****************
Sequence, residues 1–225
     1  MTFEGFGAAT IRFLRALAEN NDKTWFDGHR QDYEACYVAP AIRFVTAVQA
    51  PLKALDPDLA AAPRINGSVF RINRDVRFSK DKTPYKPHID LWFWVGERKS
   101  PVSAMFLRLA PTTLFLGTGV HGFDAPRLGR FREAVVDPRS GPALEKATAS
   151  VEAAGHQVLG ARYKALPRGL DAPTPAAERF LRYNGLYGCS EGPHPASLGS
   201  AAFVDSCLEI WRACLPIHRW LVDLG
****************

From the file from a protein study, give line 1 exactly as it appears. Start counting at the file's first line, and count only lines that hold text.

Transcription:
Sequence, residues 1–225